I don’t claim to be an expert on medical economics, but suspect it is better to have a hospital with flatscreen tvs and 90% occupancy than one without and 60%

  12. d’cm–
    Most insurers now pay for private rooms.
    And patients are no longer charged for television.
    (They were in past, but are not these days–at least on the East coase.

  13. Keith
    I agree that we need more info on infection rates, etc.
    And self-reported dats is not reliable.
    At the saem time, I would say that is difficult to make hospital info entirely transparent(it needs to be adjusted for risk– a larger percentage of poor, sick patients, etc can skew the results. But risk-adjustment, while not perrfect can be done — as long asthe hopsital and pool of patients is large enough.
    Finally, I agree that many of the premier, brand-name
    institutions fall short when it come to safety , outocmes, patient satisfaction . .

  14. Martine–
    Yes– what patients need is comfort.
    And as the wife of a patient who was in the hospital for 90 days wrote on this blog:
    Sometimes, instead of visiting the patient, you migtt be more helpful if you offered to: mow the lawn, pick the kids up at school, bring over a cooked dinner . . . .
    Sometimes, when people are in the hospital, visitors are a burden; they feel that they should sit up and entertain their
    Certainly, patients need to know tha they have friends who care about them. But doing something for the family–rather than visitng the patient in the hospital– might make them feel even better.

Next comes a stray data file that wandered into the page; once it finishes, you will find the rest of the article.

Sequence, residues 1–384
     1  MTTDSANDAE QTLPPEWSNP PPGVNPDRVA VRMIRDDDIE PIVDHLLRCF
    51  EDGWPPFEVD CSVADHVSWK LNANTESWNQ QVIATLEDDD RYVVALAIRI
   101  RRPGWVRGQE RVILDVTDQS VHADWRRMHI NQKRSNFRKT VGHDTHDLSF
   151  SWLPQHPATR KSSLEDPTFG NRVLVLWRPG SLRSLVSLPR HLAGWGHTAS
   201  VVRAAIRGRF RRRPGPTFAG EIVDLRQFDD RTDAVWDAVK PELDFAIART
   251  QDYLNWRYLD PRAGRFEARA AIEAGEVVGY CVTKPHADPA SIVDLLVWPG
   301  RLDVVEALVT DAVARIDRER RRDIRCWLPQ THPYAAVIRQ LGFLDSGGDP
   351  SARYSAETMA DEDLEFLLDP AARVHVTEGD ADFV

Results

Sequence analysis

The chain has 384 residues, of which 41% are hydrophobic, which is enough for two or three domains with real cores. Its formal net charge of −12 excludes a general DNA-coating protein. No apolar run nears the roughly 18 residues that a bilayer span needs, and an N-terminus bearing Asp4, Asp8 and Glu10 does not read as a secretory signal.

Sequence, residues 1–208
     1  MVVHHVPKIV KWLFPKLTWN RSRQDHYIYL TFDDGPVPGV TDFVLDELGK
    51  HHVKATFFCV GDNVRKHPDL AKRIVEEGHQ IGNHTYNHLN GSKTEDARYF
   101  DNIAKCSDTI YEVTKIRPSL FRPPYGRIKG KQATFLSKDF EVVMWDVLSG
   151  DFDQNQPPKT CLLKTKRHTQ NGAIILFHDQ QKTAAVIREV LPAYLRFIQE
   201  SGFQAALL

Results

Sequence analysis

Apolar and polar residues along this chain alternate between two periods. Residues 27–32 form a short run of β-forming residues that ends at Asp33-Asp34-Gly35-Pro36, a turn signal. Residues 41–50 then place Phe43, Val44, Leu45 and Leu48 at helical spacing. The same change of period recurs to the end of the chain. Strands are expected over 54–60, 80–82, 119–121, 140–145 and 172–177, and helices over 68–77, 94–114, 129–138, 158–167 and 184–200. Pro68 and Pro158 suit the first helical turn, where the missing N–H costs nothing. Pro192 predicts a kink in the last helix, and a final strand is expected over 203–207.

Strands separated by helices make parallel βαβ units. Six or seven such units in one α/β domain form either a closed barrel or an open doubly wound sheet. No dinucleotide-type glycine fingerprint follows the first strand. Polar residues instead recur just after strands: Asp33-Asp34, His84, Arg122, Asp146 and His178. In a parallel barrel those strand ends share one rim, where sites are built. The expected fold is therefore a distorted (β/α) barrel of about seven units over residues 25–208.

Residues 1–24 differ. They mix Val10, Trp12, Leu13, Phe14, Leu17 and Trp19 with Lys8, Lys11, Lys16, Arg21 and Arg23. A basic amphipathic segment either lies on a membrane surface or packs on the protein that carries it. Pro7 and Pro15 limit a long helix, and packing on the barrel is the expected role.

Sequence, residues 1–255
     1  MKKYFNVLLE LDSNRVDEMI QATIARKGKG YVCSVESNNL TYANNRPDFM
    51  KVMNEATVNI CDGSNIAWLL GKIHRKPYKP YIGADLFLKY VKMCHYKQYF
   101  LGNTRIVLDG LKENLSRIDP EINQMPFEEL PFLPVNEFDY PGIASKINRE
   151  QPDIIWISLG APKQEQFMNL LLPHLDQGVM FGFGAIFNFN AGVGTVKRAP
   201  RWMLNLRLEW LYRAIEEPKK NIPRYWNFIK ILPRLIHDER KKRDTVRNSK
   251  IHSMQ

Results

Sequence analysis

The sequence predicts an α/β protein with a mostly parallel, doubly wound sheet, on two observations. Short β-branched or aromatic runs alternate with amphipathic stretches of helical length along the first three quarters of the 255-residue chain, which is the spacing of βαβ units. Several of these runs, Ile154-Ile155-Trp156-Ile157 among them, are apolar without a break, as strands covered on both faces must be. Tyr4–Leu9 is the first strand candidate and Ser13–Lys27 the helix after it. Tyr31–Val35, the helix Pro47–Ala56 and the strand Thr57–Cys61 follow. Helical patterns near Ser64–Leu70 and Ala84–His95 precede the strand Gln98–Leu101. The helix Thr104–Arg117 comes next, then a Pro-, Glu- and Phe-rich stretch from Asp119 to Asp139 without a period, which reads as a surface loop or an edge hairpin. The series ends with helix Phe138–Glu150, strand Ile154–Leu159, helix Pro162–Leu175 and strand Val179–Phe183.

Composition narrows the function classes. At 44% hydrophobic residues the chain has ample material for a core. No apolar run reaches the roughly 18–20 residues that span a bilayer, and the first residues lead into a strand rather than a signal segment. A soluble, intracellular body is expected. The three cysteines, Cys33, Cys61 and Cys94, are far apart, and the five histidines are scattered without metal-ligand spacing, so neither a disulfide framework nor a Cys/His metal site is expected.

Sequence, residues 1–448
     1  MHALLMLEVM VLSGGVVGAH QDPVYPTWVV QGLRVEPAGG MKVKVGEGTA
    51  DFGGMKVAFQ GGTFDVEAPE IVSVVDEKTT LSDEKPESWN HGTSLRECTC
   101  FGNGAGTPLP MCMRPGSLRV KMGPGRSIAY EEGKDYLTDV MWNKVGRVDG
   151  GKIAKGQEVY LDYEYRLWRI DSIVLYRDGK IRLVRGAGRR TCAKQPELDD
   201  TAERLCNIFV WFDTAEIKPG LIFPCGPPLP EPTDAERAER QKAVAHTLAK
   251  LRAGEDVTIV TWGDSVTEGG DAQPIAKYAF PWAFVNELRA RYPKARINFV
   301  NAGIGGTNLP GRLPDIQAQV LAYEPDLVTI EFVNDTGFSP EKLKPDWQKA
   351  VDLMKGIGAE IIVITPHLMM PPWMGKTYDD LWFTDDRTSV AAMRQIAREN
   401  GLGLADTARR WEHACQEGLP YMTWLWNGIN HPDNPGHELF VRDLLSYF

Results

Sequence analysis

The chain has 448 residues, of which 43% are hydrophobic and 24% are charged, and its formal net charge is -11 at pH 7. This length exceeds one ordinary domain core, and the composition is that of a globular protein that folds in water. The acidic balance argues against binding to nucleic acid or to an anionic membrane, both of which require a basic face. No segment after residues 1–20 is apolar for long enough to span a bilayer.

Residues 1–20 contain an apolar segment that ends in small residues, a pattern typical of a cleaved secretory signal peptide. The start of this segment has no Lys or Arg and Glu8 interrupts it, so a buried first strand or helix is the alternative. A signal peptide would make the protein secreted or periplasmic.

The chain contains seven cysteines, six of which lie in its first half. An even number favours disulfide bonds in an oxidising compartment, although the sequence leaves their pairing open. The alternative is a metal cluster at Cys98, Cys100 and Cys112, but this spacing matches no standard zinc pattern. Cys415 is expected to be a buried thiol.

15. My husband was in the hospital 108 days and visitors were indeed an unwelcome nuisance, for the most part. 2 tv’s? Why? And the reasoning is competition for patients? How often do we get to choose which hospital we go to anyway?

  16. Dear Maggie,
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    I’m contacting you because I found your site in a health reform blog search and want to tell you about my newest blogging platform —the public concern of health care and its reform. Our shared concerns include health reform, tort reform, public health, safe workplaces, and asbestos contamination.
    If you’re confused by the nation’s debate over health care reform, you are not alone. While nearly everyone agrees our health care system is in trouble, the nation is nearly at war with itself over what to do about it. Some say the entire system needs to be overhauled. Others urge caution, pointing to the costs of reform and warning of high taxes and “big government.”
    To increase awareness on these important issues, my goal is to get a resource link on your site or even allow me to provide a guest posting. Please contact me back, I hope to hear from you soon. Drop by our site http://www.maacenter.org in the meantime.
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  17. I’m going to play contrarian here. Because for years I believed patient friendly hospitals were an oxymoron.
    For example,until valet parking was learned (in the 1980s) from the hospitality industry, patients LITERALLY could not park to access many inner city Ivy League level academic medical centers.